The same thing happened every single morning. Instead of telling us what she had, she would ask what we wanted and the fiasco would begin again. “What toast you want?” “Brown please.” “No, I have only white!” It happened with the spreads too. “What you want on toast?” “Marmite please?” “No!” “ Marmalade?” “No!” “Well what do you have Zita?” “I have only jam!” and some insipid sugary nonsense would be thrown onto your plate. We rebelled one morning when we had been given this heinous oily sunflower spread. We all groaned at the sight of it but Nicolette went one further. She gasped in horror, threw the packets in her bin and chased Zita down the corridor, shouting, “We cannot be expected to eat this dis-gusting slime! We want butter Zita. The ladies want butter!” It was hilarious. Thank goodness the nurses found Nicolette as amusing as us, rather than a pain in the backside. Even Zita came in the next morning with pockets full of contraband foil-wrapped butter, a cheeky grin on her face, making us promise not to tell anyone. “All the patients will be wanting the bloody butter now. Zita spoil you.” And she did. Any extra biscuits or slices of cake would come our way. She even smuggled marmalade down from the private ward! Bless her.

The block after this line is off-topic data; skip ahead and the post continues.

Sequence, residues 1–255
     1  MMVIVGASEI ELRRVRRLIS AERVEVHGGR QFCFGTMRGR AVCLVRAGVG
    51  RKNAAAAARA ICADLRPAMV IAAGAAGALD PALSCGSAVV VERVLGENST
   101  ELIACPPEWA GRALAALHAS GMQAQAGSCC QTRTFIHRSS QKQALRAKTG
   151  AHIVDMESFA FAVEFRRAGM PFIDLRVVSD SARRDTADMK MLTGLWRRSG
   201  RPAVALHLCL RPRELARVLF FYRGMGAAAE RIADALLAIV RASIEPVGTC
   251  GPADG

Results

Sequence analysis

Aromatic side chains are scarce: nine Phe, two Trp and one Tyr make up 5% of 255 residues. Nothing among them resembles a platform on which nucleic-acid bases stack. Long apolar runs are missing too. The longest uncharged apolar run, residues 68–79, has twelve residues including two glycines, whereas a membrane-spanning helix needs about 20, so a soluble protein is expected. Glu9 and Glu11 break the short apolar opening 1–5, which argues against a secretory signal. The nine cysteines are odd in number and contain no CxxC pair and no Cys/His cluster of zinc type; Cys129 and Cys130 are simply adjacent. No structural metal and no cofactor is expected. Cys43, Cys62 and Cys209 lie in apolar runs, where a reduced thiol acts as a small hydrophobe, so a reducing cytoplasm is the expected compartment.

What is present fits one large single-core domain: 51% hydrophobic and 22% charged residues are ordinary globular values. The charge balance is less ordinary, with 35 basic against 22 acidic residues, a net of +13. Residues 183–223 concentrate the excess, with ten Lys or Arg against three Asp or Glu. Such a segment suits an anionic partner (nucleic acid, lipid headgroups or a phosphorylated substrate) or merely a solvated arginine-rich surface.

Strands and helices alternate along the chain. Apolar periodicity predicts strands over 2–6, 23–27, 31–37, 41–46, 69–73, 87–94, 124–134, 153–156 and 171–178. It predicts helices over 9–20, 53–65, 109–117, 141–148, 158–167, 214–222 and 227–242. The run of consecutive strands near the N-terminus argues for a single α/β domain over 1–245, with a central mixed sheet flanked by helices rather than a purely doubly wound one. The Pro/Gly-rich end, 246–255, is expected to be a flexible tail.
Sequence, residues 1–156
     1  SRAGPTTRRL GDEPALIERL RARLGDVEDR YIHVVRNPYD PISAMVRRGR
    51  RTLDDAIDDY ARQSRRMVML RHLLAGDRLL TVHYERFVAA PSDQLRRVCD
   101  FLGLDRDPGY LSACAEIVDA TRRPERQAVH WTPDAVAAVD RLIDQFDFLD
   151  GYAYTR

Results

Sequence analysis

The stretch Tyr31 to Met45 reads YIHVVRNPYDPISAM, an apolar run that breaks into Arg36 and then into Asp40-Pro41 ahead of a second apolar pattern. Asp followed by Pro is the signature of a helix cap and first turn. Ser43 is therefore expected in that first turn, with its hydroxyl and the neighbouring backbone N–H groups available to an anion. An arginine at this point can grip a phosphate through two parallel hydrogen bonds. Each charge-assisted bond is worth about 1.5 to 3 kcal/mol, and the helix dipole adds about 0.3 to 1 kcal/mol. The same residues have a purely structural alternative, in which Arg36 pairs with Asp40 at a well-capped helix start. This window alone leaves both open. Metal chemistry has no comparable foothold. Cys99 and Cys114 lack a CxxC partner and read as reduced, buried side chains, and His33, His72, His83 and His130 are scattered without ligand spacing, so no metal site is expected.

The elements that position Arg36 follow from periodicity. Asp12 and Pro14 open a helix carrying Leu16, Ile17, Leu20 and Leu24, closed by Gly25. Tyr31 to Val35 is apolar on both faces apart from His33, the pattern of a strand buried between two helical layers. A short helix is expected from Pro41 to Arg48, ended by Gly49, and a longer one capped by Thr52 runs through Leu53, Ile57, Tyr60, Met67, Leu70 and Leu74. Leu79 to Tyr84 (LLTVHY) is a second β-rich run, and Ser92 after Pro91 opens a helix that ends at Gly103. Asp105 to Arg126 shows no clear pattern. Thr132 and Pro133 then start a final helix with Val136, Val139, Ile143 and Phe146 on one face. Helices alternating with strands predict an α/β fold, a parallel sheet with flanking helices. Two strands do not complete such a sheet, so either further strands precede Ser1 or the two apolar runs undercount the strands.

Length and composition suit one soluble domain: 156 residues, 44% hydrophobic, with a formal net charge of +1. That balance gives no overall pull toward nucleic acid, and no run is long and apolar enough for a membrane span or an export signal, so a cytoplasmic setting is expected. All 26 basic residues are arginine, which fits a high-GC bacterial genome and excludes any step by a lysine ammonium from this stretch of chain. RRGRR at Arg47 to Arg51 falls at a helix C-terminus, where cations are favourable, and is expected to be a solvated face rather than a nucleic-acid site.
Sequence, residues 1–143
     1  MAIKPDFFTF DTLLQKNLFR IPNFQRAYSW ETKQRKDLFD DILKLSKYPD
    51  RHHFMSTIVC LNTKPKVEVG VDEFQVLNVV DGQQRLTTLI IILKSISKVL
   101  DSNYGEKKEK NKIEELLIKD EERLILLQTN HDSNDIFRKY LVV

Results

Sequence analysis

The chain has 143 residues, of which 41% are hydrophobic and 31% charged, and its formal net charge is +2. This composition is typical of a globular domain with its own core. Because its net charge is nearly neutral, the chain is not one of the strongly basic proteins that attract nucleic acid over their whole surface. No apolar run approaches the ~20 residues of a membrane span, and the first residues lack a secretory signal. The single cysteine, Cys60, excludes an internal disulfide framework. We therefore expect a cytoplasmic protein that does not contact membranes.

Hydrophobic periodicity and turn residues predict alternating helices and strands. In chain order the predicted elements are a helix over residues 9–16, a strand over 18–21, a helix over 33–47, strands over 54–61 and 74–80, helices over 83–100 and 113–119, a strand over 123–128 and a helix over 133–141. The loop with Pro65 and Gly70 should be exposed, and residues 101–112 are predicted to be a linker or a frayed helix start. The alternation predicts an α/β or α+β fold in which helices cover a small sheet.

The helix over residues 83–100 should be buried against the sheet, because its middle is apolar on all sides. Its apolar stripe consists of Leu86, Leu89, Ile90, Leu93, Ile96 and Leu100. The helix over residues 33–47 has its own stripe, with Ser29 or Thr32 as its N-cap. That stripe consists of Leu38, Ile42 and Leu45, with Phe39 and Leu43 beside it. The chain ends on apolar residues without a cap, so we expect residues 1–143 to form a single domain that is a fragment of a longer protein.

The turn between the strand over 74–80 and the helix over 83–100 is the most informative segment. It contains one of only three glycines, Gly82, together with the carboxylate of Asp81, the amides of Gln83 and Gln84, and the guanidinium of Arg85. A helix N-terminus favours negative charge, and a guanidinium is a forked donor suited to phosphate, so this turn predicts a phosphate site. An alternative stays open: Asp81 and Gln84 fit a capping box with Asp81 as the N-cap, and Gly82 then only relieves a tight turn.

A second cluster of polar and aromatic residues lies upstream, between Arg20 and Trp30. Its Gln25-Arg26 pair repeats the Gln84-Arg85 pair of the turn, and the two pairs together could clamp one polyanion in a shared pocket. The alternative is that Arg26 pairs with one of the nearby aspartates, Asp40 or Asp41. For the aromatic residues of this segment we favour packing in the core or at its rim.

Meal times with Zita were always fun and broke up the day, as did visiting hours, but I was dreading the rest of it... endless hours of mind-numbing boredom with nothing to do! It was not the case. From 7am until 11pm it did not stop. After breakfast was physio... the most hideous thing I have ever experienced. Telling someone to get out of bed and walk a few steps the day after having all the muscles in their leg completely severed and alien implants embedded into their bones, did not go down well. “You want me to do what?” I asked incredulously. I couldn’t even move my leg let alone get out of bed so they grabbed hold of the toe of my compression sock, supported the back of my knee and my heel, swung my leg out at right angles and lowered it to the floor, all in a matter of seconds. Oh. My. God. When someone hurts you that much you really want to hurt them back. I wiped the tears away and looked at her with such venom that she stared back at me and said, “I know you want to throttle me right now but if I don’t get you up on your feet, you will seize up completely!” Grrr. Safe to say I disliked her visits, especially when she would wake me out of a particularly pleasant morphine dream to torture me, but by the second day I had been taught a genius way to get my leg off the bed with a loop of stretchy bandage (and without screaming), and was also able to stand and walk a few paces with a zimmer frame. Hurrah. What I couldn’t do was go to the loo. I wasn’t able to walk as far as the bathroom (10 metres away), so I had to use a bedpan. And let me tell you, the indignity of perching on a cardboard bedpan in full view of your neighbours is something I will never recover from. During the day the humiliating act was bad enough knowing everyone could hear your ablutions, but at least we could draw the curtains. At night, however, the hospital was so short staffed that they didn’t really have time for protocol or privacy and would leave the curtains open. We were so hydrated from the saline drips that we would have to go at least 4 times a night, so the whole ward resembled a peeing conveyer belt. Once one of us rang the nurse’s call bell, the others would wake up and realise they needed to relieve themselves as well. There was no time for decorum so the nurse would fling back the bedsheets and we would heave ourselves onto these contraptions, one after the other, perched high on the bed like brooding chickens, desperately trying not to make eye contact with each other, and thus laugh. Of course giggling was inevitable but doing so whilst doing the other is not recommended. Seeing the squatting silhouettes of my (usually so dignified) neighbours, whilst all sorts of natural and unnatural noises escaped them, will be ingrained in my memory forever.